Certainly this is damning evidence that Jesus clearly loved children and would never have encouraged the destruction of a child in the womb. Those who argue that Jesus considered abortion permissible are guilty of blasphemy.

And what of Jesus’ reference to the Last Judgment: “Whatsoever you do to the least of these, that you do unto me”? (Matt. 25.40) Jesus identifies himself with the most vulnerable. How more vulnerable can one get than being orphaned in the womb of her or his own mother?

This doesn't even begin to touch upon the early church’s condemnation of the pagan practice of exposing infants and abandoning the unwanted. Christians would retrieve children from dung heaps to save them. And abortion procedures, though barbaric, were practiced in ancient times. 

And “since the first century the Church has affirmed the moral evil of every procured abortion. This teaching has not changed and remains unchangeable. Direct abortion, that is to say, abortion willed either as an end or a means, is gravely contrary to the moral law: “You shall not kill the embryo by abortion and shall not cause the newborn to perish” (The Didache 2.2,; Epistle of Barnabas 19.5; Letter to Diognetus 5.6; and Aplogetics of Tertulian 9).  [CCC 2271]

“God, the Lord of life, has entrusted to men the noble mission of safeguarding life, and men must carry it out in a manner worthy of themselves. Life must be protected with the utmost care from the moment of conception: abortion and infanticide are abominable crimes” (Vatican II, Gaudium et spes, 51.3).

Medical science has also revealed that the message of the scriptures is true: the unborn child is a member of the human family, called into being by God. Each newly conceived child has his or her own unique DNA.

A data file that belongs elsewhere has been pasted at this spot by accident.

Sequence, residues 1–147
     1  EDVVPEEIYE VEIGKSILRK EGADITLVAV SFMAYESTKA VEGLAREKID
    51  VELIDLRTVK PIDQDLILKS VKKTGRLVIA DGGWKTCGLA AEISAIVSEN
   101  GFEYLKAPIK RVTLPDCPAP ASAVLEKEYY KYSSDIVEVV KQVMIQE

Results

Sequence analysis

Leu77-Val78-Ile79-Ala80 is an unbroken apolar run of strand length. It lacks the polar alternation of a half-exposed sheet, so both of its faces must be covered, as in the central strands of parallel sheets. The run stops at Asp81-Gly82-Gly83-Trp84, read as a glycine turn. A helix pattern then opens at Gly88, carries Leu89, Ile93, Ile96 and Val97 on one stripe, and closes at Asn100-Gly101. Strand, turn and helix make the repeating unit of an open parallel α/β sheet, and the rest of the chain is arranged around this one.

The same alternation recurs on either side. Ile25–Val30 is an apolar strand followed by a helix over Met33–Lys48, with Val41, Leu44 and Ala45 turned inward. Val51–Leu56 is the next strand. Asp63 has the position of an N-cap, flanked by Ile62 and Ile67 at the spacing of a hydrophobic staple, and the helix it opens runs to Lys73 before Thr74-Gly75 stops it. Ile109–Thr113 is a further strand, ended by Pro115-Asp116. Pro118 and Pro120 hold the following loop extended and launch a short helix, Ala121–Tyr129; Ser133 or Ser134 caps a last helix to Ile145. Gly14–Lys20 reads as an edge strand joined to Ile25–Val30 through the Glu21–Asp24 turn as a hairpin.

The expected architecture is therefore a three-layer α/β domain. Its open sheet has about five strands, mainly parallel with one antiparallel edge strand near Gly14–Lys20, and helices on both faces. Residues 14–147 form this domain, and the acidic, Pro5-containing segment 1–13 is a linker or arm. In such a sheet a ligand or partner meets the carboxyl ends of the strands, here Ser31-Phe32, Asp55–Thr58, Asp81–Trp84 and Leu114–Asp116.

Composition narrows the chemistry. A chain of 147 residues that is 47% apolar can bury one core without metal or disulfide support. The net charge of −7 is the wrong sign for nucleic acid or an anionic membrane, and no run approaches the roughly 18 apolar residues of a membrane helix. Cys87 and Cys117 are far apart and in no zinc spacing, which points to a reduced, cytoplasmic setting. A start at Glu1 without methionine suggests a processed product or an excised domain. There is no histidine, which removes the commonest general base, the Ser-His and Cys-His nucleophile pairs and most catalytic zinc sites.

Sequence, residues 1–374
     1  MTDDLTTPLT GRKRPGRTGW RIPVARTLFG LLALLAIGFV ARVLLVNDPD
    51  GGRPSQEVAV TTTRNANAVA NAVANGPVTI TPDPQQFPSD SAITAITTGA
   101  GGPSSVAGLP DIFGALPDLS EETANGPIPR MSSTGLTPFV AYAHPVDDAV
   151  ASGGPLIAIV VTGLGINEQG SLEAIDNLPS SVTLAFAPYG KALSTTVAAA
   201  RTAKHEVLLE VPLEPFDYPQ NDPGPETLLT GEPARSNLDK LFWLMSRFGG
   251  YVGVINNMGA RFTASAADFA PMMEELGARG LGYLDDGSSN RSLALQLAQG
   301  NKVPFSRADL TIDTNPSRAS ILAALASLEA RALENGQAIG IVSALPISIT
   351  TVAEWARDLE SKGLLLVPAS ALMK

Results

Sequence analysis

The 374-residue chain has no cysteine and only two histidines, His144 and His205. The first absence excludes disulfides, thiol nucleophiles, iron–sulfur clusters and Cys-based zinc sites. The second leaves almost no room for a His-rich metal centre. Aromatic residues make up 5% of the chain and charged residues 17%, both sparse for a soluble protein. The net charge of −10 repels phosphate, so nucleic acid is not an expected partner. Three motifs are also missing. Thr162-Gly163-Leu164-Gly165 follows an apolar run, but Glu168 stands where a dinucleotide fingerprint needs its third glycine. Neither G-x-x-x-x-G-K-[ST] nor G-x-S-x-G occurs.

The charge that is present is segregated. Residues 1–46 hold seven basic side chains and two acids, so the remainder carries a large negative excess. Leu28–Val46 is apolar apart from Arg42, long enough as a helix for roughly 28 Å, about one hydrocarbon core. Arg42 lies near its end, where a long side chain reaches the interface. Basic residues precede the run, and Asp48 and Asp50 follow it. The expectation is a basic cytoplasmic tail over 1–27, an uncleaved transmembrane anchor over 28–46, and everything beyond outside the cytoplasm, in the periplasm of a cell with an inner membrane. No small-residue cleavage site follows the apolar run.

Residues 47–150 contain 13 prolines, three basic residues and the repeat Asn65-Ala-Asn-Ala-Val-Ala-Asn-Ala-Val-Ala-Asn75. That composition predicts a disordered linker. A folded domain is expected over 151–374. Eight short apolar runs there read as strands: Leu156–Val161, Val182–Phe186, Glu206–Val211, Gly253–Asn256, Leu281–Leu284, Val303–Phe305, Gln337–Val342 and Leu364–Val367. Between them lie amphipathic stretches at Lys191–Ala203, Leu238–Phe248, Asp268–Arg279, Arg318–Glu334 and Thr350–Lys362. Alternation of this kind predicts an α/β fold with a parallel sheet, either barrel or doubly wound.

These are truths that will stand the test of time and eternity. 

Sunday, December 15, 2013

Let Us Climb the Mountain of the Lord - Second Sunday of Advent 2013




I went to the grocery store Thursday evening before the winter storm – snow-mageddon – hit. There was urgency in the air amid weather reports and folks in the store looking for bread and milk and meat and cheese, yet there was a camaraderie in the aisles. We were friendly, sharing with one another our concerns about the ice storm, tales of the last time we had an ice storm, and just friendly banter. We were all going out of ourselves, genuinely realizing that we were all in the same situation—we were about to FACE A MOUNTAIN OF ICE and SNOW – or both. It was a wonderful sense of community in the middle of a grocery store….

Now compare and contrast this shopping trip to the chaos and madness of Thanksgiving Day and Black Friday shopping. In some places people were injured fighting over products and still others were trampled for a bargain.

Our culture of prosperity and unbridled consumerism has reduced human beings to just one more consumer good to be used and discarded, trampled underfoot – literally – in favor of material goods. “We have created a 'disposable' culture…” (Evangelii Gaudium #53).

It is unfortunate that some people behave like animals to one another. And I apologize to the decent animals out there.

Is it any wonder then that Pope Francis has challenged the world’s rugged consumeristic culture?
         
Too many Christians are indifferent to the poor in their midst

I find it disturbing how many Christians have reacted negatively to Pope Francis when he is merely challenging us to repent of our greed and envy.

It’s the human heart and mind that must be renewed this Advent Season. We must put on the mind of Christ so that our hearts can become fleshy again, "capable of feeling compassion” for the poor and needy (EG #54).
I have a friend who is a UPS driver. He told me makes a regular stop at this person’s home nearly every day. It is comical, yet sad, he says, because the homeowner just has him put the packages with the others in the garage. The garage is overflowing with a mountain of boxes and most remained unopened. Evidently after the thrill of buying the product, the shopper goes on to buy something even newer, ignoring the previous purchase.